Standard Copyright Transfer Agreement: FAQs about the terms and conditions of the standard CTA in place for the journal, including standard terms regarding archiving of the accepted version of the paper, are available at: Copyright Terms and Conditions FAQs.
Note that in signing the journal’s licence agreement authors agree that consent to reproduce figures from another source has been obtained.
OnlineOpen – Wiley’s Open Access Option: OnlineOpen is available to authors of articles who wish to make their article freely available to all on Wiley Online Library under a Creative Commons license. With OnlineOpen, the author, the author's funding agency, or the author's institution pays a fee to ensure that the article is made open access. Authors of OnlineOpen articles are permitted to post the final, published PDF of their article on their personal website, and in an institutional repository or other free public server immediately after publication. All OnlineOpen articles are treated in the same way as any other article. They go through the journal's standard peer-review process and will be accepted or rejected based on their own merit.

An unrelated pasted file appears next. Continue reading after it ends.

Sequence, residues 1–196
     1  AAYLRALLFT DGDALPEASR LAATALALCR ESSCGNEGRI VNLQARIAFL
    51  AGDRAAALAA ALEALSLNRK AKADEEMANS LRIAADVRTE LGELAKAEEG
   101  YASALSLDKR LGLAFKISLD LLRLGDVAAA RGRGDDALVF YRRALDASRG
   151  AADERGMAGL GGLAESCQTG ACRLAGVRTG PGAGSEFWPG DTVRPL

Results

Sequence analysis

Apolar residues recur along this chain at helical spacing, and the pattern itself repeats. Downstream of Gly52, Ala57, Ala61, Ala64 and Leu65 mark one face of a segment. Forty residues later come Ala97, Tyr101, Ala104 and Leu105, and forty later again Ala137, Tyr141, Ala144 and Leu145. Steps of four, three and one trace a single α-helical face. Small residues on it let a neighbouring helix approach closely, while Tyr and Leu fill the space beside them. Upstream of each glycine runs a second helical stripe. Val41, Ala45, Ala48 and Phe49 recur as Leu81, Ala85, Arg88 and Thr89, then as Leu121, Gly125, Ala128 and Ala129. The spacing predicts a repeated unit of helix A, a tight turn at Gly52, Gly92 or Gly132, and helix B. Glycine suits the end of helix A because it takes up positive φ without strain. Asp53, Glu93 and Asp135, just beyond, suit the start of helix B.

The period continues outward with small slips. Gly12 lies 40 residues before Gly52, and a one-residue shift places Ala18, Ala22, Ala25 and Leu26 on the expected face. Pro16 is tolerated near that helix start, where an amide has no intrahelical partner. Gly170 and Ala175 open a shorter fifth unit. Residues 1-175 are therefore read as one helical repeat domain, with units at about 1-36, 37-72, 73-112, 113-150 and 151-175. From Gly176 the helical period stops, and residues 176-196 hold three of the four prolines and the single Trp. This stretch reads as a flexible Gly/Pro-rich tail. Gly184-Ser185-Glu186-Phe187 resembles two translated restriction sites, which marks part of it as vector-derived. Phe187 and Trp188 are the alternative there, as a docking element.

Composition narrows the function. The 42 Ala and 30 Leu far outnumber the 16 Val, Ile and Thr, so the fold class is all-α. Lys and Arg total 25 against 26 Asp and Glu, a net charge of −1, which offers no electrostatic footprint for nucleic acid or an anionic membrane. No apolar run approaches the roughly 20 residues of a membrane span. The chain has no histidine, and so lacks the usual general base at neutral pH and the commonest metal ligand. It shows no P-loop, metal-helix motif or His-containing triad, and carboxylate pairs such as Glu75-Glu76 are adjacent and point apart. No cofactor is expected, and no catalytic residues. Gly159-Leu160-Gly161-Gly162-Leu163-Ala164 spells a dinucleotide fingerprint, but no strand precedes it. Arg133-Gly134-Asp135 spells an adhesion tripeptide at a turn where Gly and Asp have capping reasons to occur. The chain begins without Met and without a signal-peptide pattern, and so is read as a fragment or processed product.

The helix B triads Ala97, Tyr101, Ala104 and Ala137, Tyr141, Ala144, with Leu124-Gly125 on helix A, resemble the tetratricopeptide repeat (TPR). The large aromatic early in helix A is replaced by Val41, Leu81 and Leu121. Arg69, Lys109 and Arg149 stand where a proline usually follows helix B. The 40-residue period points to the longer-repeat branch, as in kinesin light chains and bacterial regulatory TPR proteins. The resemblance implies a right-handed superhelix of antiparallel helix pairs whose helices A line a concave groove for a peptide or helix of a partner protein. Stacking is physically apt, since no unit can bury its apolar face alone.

OnlineOpen licenses. Authors choosing OnlineOpen retain copyright in their article and have a choice of publishing under the following Creative Commons License terms: Creative Commons Attribution License (CC BY); Creative Commons Attribution Non-Commercial License (CC BY NC); Creative Commons Attribution Non-Commercial-NoDerivs License (CC BY NC ND). To preview the terms and conditions of these open access agreements please visit the Copyright Terms and Conditions FAQs.